28 Aug

The week ahead – South-South and South-East will view Buhari with more suspicion, Boko Haram will try to get a prize

More than 90 days after he took office, President Muhammad Buhari made three very critical appointments yesterday, choosing Abba Kyari, a former MD of UBA as his Chief of Staff, Babachir Lawal, the National Vice Chairman of the APC, North East, as the Secretary to the Government of the Federation, and Rt. Col Hamid Ali, the former Arewa Consultative Forum Secretary-General, as Comptroller-General of Customs. Also appointed were Kure Martin Abeshi as Comptroller-General of Immigrations, Senator Ita Enang and the Honourable Sule Kawu will serve as the President’s liaisons with the National Assembly.

Boko Haram morph again
Last Saturday, the Chief of Army Staff, Lt-Gen Buratai, was on his way to Dikwa, Borno state, in attempt to boost the morale of his men when a radio message came in that the advance party was ambushed by members of the Boko Haram sect, killing a soldier and injuring two. However, Buratai’s party overpowered the insurgents, killing a few and arresting others. In the same week, a 12 year old girl at a bus park in Damaturu, refused to be searched by security officials, but somehow, managed to find her way, forcibly, atop a bus, and detonated a bomb, killing five people and injuring more than fifty. The second bomber, a young boy, almost detonated his as well, but panicked, ran into the bush where the bomb detonated. A few hours later, a suicide bomber hit the airport junction in Maiduguri near a military check point, killing a military guard. The twin attacks underscore the increasing reliance by Boko Haram on person-borne improvised explosive devices as a means of countering the Nigerian military‚Äôs onslaught against them. This week also, reports came through that suggest that Boko Haram members are being trained in both the Syrian city of Raqqa and in the ISIS controlled Libyan city of Derna.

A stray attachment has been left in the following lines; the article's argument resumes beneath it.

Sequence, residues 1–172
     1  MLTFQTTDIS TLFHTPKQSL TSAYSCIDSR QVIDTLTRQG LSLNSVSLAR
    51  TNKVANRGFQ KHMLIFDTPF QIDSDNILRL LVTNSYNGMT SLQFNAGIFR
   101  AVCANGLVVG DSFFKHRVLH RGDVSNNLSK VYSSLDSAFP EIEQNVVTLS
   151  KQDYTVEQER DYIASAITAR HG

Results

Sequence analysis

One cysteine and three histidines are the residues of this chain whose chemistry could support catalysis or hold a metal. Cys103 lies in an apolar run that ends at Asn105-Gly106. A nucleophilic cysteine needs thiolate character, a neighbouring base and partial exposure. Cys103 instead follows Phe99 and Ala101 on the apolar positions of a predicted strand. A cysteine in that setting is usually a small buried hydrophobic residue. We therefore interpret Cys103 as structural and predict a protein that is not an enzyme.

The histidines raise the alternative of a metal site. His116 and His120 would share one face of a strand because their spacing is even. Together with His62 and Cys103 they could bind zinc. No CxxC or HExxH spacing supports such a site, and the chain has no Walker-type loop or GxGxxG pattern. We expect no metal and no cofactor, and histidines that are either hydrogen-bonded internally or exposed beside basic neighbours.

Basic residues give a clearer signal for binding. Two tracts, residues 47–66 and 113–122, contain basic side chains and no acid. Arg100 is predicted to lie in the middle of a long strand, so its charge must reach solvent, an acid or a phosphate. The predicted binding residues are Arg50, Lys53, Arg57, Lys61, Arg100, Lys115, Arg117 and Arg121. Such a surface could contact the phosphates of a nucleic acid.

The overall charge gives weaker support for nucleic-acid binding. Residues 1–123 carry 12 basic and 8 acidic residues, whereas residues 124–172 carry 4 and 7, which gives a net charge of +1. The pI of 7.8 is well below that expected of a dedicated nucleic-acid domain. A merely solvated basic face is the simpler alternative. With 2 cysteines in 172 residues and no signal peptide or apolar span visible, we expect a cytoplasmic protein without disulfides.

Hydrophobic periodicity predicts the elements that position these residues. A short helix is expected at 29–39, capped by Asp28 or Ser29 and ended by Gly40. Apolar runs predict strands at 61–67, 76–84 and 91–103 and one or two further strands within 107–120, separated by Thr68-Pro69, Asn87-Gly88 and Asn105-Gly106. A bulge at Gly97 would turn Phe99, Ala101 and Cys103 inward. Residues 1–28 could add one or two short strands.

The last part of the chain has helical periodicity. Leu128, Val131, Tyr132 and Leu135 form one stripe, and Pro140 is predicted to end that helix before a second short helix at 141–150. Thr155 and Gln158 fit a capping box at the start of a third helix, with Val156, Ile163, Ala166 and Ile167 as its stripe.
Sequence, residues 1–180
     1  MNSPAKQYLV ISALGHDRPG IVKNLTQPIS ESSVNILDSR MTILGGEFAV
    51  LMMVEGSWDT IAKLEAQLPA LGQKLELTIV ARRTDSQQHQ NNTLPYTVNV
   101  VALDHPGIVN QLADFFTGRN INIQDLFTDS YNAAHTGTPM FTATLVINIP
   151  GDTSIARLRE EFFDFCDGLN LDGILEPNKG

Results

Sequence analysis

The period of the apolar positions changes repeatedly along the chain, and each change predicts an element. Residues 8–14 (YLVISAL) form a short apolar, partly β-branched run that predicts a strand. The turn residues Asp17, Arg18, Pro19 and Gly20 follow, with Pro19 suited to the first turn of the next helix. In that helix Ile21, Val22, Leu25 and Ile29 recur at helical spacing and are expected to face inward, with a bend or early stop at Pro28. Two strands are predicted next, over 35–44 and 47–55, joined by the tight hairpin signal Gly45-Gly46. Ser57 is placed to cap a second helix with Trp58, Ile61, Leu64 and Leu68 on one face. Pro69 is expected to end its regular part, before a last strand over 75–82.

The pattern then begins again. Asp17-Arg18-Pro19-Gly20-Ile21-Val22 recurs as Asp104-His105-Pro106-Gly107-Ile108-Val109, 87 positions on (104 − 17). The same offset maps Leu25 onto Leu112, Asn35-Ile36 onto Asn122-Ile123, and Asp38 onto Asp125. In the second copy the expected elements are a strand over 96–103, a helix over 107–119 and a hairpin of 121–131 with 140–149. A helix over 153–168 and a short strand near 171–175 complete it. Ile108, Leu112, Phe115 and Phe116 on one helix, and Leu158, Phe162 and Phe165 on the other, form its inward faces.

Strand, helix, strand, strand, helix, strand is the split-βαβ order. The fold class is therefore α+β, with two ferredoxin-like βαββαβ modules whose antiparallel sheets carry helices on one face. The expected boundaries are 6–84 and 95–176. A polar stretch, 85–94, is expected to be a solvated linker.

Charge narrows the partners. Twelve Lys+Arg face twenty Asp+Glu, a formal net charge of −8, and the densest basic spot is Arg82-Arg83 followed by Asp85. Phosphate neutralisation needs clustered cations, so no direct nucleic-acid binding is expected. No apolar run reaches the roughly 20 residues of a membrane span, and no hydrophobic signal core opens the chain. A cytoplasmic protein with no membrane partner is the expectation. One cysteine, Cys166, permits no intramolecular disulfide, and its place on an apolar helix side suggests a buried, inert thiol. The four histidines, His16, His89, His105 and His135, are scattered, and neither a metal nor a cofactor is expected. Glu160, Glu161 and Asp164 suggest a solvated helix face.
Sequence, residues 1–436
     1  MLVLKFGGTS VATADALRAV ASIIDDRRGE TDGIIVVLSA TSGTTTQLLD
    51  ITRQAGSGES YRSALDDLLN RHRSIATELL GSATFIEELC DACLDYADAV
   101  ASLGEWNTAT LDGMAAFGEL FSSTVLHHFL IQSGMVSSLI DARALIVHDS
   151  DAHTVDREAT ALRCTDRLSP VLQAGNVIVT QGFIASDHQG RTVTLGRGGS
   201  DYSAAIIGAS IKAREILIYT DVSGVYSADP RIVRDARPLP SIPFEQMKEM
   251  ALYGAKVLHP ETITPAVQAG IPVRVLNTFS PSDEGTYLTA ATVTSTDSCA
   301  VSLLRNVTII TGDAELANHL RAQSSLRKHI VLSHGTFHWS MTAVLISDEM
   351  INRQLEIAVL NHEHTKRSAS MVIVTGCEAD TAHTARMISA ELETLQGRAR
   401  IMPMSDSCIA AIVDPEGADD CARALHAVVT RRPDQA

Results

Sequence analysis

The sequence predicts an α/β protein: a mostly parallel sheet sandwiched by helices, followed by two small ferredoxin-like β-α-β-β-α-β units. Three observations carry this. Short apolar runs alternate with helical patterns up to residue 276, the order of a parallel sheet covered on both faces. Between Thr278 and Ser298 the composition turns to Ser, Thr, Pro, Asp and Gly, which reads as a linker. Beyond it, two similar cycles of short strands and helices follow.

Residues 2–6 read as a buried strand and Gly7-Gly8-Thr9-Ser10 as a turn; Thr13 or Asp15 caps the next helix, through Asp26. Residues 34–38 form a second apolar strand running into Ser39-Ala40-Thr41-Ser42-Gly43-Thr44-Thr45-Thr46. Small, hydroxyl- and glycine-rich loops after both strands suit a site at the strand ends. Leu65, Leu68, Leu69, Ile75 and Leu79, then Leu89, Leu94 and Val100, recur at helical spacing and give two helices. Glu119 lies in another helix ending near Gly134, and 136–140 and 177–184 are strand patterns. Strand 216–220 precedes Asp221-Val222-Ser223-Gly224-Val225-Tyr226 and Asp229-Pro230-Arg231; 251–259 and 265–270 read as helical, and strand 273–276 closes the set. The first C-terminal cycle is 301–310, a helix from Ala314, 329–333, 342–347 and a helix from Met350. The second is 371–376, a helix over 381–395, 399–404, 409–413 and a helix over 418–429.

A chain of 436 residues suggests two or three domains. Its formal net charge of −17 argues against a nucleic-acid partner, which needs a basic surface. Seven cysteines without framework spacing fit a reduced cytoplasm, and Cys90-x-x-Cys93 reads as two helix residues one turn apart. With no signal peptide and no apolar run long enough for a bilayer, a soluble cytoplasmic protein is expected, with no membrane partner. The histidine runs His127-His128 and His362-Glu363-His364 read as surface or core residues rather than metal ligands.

Middle Belt bloodbath drips on
The Berom community had continued its fight with Fulani herdsmen on the Jos-Plateau with the Berom community accusing the military of complicity in some of the deaths of the youth. This week, a young father and his cousin were cut down in their prime. The stories emanating from the communities are heart breaking, and can qualify as a genocide. The villagers allege that the Fulani have systematically exterminated many of them and forcefully occupied their land, and this has seen hundreds migrate South to seek a settled life as cooks, drivers, and maids leaving their farm lands fallow. In Nasarawa, Governor Almukura complained of the activities of the Ombatse cult, which has seen them attack some communities and creating a sense of panic in the state. In 2013, the Ombatse cult group murdered more than fifty security agents who were on a mission to arrest Baba Alakyom, the leader of the sect.

The President probes on
President Buhari set up a military panel through the Office of the National Security Adviser, to investigate defence procurements from 2007 till date. It has 13 serving and non serving military officers as members. The attempt is to unravel the true picture of the funds spent on buying equipment for the military in the last eight years, which coincided with an acute shortage of same on the battle field. Also this week, the President, following a briefing from the Chairman of Infrastructure Regulatory Concession Commission, suspended ongoing work at the Second River Niger Bridge in Onitsha.

SMEs groan
Small and medium scale businesses, and some relatively large corporates are openly complaining about the hardship caused by the ban on foreign currency deposits by the Central Bank of Nigeria. Many foreign obligations remain unpaid as they cannot access foreign currency through the parallel market except the official window provided by the CBN and the banks. This week, telecommunications giant, MTN, announced that it would be unable to meet some of its obligations, giving the reason as a shortage of US dollars.